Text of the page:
We took the entire morning choosing paint colors. My bride had distinct ideas not only about the color but also about the shade change each wall must cast throughout the day. I had not taken her job as an interior designer seriously — she tolerated my ignorance. We broke for lunch when she announced natural wood floors would save us a lot of money. I knew I was outgunned and gladly relinquished authority, thereby expediting the process and further cementing my respect for her and her abilities.

Arriving at the home manned with several shades of each paint color, we were met by the electrician, plumber, and painters. I didn’t know she had it all arranged. How could it be done so quickly without my noticing?

Yet here was a crew awaiting instruction. All but the carpet layer. Seems Sophia smelled victory even before our lunch discussion. She explained to the crew she wanted walls of lighter and darker shades to enhance the shadow play, stressing the importance of removing the plaster and paint imperfections. Sophia was a professional in motion — a sight to behold.

She forbade entry into one of the bedrooms, which she staked as her very own for rehabilitation. Sophia grabbed my hand and led me to the room marked for triage. “Will this be our room?” I asked.

“No, ours is just next door. The tradesmen will handle it,” she offers casually. “This is the room of Amber,” she adds, leaving the room.

I was lost but intrigued. Color? Person?

The work continued into the night and until early afternoon the following day, breaking only long enough for me to make food runs to keep the worker bees satisfied. The noonday’s sun played across the pristine walls, to Sophia’s delight. The workers left, promising to follow up about cost and billing. As I waved them goodbye, I realized I did not know the rates or overall cost.

Sophia retrieved our coffee maker from the vehicle while I took a walk to stretch my legs. My previous homes had a postage stamp patch for a yard, so this was heaven to me.

I felt a presence like a cool breeze and prying eyes.

I turned and saw Sophia through the kitchen window, watching me. Then I felt what seemed like a small hand within my hand.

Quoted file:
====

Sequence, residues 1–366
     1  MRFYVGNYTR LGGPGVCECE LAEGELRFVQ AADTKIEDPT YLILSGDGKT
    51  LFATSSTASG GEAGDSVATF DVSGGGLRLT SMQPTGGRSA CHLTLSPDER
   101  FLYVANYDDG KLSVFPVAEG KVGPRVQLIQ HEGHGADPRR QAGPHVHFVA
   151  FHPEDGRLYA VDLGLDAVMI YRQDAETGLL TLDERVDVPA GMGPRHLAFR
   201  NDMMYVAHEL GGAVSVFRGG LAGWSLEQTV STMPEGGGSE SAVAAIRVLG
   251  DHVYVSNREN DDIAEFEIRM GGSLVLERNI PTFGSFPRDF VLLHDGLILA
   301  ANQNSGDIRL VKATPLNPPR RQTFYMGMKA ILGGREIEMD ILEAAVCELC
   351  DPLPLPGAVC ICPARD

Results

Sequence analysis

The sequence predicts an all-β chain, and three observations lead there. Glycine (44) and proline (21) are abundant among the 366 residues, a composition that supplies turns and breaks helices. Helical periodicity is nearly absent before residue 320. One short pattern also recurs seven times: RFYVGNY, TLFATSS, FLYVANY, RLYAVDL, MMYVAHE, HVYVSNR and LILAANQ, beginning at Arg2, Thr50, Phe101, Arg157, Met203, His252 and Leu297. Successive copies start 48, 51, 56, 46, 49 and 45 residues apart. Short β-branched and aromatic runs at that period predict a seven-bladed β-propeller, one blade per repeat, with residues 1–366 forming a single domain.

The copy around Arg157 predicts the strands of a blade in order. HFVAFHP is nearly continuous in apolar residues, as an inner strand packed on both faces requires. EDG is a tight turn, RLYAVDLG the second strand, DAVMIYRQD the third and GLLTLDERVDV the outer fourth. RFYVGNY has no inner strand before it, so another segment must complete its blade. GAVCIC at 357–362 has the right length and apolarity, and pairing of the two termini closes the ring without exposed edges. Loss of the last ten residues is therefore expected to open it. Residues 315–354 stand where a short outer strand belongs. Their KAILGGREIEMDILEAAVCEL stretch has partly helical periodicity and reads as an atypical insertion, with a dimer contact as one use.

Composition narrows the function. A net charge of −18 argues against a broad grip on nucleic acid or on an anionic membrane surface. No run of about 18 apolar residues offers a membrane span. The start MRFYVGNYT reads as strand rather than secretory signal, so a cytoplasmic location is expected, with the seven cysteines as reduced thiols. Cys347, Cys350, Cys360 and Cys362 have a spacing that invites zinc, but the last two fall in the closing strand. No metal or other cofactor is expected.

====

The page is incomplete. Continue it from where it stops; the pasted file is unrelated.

Startled, I quickly turned to see if someone had approached me.

There was nothing there. Nothing to see, and both the breeze and feeling, had left me. I must be tired, very tired, I think to myself as I head back.

James was off to my side, waving excitingly. “Did you see it?” I began to question his sanity, or perhaps it was just his sense of humor. I waved to him while entering our home, too distracted to engage.

Walking into the kitchen, Sophia asked me if I’d noticed the bird making a fuss around me. I asked her what type and color, but she was silent. “I’m not sure,” she murmurs.

“Type or color?” I question for clarity. She simply responds “Yes” and returns to making coffee, then heads off to the SUV to grab some cups.

We were both obviously overtired, so I went out to help her and replied, “No, I didn’t see a thing,” with the memory of my experience fresh at hand.

“Pierce, you’ll think me crazy, but I don’t know how to describe the color I saw.”

I laugh. “Finally, the great designer has been foiled!” I snicker.

She continued, “You know how many shades of white there are and how each one reflects the surrounding colors?” she paused, “This one was transparent with shadow and depth…” she inhales. “Here but not…” and then she wipes a single tear from her cheek.

I hug her softly and asked if she was ok. “Yes, I’m fine, just tired and a tad sad.”

“Why sad?”

“I don’t have a clue,” she responded. “Let’s get some caffeine in us.”

We headed back inside for a coffee break and recovery.